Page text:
Mary Roebling's greatest area of government service was in her work for the military. Throughout her life, Roebling was an advocate of a strong military, supporting universal military training: "The military is a service that all citizens men or women should render to their country." (6) Her lifetime of service to the military began when President Harry S. Truman made her the only woman member of the Citizens Advisory Committee on Armed Forces Training Installations in 1950. In this capacity, Roebling traveled throughout the country visiting military bases, interviewing soldiers and reporting on conditions. In 1951, she was appointed to the Defense Advisory Committee on Women in the Services (DACOWITS), where she served on the Recruiting and Public Information Subcommittee. Between 1951 and 1953, Roebling visited bases, arranged events, and promoted the introduction of a postage stamp honoring women's contribution to national defense. Remaining on DACOWITS as an Emeritus Member, Roebling continued to be concerned with the position of women in the military and with publicizing the military services to make them attractive to women. Among other ventures, she funded a scholarship for top women Reserve Officer Training Corps (ROTC) graduates.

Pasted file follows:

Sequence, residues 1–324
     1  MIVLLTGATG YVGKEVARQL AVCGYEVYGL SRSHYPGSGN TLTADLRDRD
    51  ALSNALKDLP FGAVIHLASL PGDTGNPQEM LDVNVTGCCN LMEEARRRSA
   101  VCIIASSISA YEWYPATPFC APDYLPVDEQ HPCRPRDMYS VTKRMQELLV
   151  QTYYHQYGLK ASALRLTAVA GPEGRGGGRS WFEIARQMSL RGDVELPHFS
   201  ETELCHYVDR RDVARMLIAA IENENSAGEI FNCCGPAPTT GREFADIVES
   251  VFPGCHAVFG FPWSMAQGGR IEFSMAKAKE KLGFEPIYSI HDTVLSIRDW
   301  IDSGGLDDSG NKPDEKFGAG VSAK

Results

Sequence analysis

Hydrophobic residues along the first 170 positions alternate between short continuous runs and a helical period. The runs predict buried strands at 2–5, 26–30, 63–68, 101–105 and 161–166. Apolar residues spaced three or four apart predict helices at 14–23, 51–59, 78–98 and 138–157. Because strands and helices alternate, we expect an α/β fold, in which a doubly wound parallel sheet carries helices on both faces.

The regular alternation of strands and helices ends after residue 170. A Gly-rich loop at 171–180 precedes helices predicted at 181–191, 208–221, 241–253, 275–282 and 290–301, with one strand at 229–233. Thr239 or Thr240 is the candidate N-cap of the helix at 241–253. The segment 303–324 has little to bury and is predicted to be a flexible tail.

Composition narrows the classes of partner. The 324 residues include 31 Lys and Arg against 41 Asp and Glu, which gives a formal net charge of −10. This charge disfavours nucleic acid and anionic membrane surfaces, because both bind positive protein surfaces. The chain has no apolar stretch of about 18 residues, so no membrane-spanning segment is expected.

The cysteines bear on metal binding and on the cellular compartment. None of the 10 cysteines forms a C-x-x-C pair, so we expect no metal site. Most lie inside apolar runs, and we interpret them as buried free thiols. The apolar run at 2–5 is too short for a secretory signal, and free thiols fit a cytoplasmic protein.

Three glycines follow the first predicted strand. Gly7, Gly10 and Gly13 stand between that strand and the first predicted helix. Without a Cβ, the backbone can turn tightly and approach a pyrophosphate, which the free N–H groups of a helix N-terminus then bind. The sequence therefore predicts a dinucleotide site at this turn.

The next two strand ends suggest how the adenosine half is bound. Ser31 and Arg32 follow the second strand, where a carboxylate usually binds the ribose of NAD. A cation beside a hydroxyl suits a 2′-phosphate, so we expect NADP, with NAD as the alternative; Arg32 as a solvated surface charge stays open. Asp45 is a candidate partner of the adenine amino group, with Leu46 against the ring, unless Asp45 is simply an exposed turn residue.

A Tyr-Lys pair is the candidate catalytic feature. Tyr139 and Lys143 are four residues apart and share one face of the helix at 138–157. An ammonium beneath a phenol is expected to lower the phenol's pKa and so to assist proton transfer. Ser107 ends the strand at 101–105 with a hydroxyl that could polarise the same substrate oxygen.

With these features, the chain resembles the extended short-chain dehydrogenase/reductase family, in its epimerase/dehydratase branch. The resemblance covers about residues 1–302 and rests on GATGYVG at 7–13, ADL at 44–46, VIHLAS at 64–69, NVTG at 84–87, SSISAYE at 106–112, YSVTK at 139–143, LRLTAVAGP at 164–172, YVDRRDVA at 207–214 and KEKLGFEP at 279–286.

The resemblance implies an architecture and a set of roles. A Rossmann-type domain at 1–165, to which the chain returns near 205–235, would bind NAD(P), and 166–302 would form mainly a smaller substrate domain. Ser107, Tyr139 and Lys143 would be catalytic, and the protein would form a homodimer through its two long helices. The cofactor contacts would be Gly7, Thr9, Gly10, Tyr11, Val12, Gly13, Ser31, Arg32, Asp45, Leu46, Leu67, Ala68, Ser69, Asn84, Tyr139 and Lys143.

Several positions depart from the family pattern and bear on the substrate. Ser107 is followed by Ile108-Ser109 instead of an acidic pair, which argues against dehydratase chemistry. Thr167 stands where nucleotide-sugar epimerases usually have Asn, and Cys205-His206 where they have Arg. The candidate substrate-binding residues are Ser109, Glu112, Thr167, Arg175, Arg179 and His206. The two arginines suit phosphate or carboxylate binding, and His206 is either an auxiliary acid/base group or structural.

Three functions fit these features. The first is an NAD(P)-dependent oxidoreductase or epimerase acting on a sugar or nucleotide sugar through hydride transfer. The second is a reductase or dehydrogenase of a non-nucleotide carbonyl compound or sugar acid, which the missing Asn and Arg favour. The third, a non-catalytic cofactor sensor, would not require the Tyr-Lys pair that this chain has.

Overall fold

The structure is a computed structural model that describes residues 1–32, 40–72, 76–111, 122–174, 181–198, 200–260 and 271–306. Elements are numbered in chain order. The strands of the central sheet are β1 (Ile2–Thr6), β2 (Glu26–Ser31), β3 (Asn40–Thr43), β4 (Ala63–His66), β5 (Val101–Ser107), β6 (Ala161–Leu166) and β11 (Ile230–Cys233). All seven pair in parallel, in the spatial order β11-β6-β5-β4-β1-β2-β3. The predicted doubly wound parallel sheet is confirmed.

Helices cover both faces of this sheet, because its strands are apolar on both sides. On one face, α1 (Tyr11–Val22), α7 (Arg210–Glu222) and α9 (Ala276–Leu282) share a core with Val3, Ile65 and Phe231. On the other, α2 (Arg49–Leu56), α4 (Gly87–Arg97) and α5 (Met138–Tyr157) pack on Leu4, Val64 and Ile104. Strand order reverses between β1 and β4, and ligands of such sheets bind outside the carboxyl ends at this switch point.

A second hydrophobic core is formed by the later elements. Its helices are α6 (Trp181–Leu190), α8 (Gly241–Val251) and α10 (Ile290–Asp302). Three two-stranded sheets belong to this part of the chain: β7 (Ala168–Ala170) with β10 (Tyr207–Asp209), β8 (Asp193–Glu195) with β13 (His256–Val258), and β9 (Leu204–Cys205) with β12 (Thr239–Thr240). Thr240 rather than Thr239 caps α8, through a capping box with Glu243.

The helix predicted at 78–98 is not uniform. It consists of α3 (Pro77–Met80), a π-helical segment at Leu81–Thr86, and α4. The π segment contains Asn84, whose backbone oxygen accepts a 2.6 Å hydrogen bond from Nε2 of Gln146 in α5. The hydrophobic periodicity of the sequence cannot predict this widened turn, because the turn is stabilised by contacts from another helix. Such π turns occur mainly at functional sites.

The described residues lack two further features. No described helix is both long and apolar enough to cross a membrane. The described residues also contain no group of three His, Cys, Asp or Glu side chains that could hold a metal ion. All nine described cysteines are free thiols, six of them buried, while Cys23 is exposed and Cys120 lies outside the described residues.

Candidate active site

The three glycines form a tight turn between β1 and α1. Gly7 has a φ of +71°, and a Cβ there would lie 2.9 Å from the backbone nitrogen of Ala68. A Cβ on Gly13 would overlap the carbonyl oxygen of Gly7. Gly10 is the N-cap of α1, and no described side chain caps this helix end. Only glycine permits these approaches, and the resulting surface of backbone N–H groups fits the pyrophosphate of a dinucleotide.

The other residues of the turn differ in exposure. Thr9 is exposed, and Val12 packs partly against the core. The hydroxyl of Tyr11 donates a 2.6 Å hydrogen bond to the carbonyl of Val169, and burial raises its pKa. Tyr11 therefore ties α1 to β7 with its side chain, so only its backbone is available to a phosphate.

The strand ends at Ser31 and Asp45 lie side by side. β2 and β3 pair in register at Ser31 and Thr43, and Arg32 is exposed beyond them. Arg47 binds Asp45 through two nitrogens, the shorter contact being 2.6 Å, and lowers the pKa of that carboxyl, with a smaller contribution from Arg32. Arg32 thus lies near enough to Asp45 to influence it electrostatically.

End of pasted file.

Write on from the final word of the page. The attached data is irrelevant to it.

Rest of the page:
In 1959, Roebling went to London as one of one hundred American delegates to the Congress of the North Atlantic Treaty Organization (NATO), the purpose of which was to enlarge the activities and increase understanding of the organization. Her prestigious career of service to the military continued in 1971, when she was appointed Civilian Aide to the Secretary of the Army for New Jersey, which was extended to the First Army Area in 1983; Roebling served until 1987, when she was made Civilian Aide Emeritus. In her role as Civilian Aide, Roebling sponsored events, made speeches, and advised the Secretary of the Army on publicity, using the skills in public relations which she had honed at the Trenton Trust Company. Concurrently, Roebling served on the Advisory Board of the Association of the United States Army, where, as a member of the Expanding Education Fund Committee (established in 1980), she worked to educate the public about the military. She was also Founding President of the Army War College Foundation, a trustee of the Naval War College Foundation, a Life Member of the National Defense Transportation Association and a member of the American Legion Auxiliary. Through her work with the military, Roebling developed friendships with military figures such as General Howard Louderback of the U.S. Army Reserve, and General Rocco Negris, Commandant of Fort Dix in Wrightstown, New Jersey, where a room was named after Roebling.